Ernest Renan

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Renan, Ernest

(ĕrnĕst` rənäN`), 1823–92, French historian and critic. He began training for the priesthood but renounced it in 1845. His first trip to Italy (1849) influenced his interest in antiquity but did not change most of his basic ideas, formed by 1848 when he wrote L'Avenir de la science (1890, tr. 1891). Relativistic, concerned with fundamental problems of human nature, he studied religion from a historical rather than a theological point of view. He wrote Histoire des origines du christianisme (8 vol., 1863–83; tr. The History of the Origins of Christianity, 5 vol., 1888–90), of which the first volume, Vie de Jésus, became his most widely known book, and the Histoire du peuple d'Israël (5 vol., 1887–93; tr. History of the People of Israel, 1888–96). In 1878 he was elected to the French Academy, and in 1883 he was made director of the Collège de France. Renan turned to creative writing in later years and, with irony and poetic style, composed Dialogues et fragments philosophiques (1876) and the much-discussed Drames philosophiques (1888). His subtle irony and beautiful prose are blended, sometimes whimsically, in the Souvenirs d'enfance et de jeunesse (1883; tr. Recollections of My Youth, 1883). Renan's influence was widespread.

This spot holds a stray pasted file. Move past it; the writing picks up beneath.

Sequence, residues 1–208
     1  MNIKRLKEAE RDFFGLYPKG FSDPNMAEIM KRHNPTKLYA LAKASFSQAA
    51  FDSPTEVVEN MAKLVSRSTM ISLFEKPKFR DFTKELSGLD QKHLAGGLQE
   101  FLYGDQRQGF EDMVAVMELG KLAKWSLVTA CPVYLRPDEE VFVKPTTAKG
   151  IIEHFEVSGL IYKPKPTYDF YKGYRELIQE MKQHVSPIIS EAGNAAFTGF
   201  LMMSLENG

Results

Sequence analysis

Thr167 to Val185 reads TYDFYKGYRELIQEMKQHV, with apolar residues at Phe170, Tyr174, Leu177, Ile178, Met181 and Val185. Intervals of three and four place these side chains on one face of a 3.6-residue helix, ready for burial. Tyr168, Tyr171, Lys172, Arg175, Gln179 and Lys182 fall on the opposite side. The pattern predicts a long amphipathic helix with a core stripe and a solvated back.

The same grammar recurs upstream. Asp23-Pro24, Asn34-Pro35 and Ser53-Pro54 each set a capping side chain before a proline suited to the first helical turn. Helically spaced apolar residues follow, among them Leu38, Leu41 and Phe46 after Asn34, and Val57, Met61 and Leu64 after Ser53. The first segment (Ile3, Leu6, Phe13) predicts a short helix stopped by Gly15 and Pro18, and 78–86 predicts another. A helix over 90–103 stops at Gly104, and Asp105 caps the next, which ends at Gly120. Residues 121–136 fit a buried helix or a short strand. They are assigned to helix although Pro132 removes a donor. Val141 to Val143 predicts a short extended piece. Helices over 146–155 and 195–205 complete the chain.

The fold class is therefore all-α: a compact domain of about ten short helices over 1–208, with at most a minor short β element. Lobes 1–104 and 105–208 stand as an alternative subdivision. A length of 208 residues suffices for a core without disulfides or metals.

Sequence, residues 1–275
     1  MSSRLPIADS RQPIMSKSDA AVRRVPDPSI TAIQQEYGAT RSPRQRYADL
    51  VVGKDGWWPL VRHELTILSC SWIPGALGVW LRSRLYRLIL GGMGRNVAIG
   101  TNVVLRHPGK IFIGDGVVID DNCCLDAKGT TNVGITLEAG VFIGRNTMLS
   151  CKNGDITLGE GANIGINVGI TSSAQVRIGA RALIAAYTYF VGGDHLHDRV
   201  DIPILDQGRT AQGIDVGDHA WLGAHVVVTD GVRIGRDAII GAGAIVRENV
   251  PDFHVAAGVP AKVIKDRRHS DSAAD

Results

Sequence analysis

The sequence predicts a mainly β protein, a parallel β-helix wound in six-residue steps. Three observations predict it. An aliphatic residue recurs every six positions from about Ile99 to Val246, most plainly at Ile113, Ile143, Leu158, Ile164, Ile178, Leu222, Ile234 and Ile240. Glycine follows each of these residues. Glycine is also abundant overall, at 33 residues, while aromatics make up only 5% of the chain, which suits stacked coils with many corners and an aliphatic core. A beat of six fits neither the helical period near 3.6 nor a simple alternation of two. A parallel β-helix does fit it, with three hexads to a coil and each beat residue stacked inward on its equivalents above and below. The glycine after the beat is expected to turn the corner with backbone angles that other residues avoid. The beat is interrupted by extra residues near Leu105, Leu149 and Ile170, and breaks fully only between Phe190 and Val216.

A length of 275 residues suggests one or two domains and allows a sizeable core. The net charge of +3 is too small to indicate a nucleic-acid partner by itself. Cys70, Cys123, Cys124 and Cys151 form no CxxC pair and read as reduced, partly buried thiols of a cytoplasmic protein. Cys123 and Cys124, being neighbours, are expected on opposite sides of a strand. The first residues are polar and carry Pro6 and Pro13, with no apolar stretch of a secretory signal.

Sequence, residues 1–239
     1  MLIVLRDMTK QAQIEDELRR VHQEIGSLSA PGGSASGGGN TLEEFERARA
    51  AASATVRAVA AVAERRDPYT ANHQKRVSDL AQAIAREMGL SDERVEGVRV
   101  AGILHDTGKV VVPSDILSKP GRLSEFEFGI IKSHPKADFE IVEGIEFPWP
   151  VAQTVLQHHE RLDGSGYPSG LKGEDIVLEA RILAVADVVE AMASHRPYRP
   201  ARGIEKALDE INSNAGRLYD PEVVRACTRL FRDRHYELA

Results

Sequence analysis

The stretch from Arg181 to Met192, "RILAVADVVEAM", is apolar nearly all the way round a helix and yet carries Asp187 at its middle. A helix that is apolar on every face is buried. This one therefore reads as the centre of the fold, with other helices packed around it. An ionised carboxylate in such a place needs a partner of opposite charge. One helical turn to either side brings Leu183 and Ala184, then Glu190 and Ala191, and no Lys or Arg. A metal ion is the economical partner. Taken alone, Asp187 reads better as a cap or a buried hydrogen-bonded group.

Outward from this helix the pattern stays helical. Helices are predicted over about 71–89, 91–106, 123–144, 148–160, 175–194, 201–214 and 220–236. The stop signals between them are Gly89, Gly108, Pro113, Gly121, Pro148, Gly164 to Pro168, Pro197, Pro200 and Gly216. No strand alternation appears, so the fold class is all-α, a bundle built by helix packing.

See biographies by H. W. Wardman (1964) and R. M. Chadbourne (1968); studies by R. M. Chadbourne (1957) and V. V. Gaigalas (1972).

References in periodicals archive ?
The present volume is necessary reading for historians of science, especially those latter-day intellectual heirs (such as Toby Huff) of still-influential figures such as Ernst Renan and Goldziher, who continue to repeat the grand but flawed and prejudiced narrative the nineteenth century, formulated in the departing glory of the Empire.
In 1882, the French philosopher Ernst Renan delivered a ground-breaking lecture on what is a nation at the Sorbonne.
The event to commemorate French author and thinker Ernst Renan
The nebulous nature of national identity prior to a nationalist movement or ideology coming into play is commonplace in the study of nation-building, identified in the 19th century by historian Ernst Renan in his famous remark that "getting its history wrong is part of being a nation.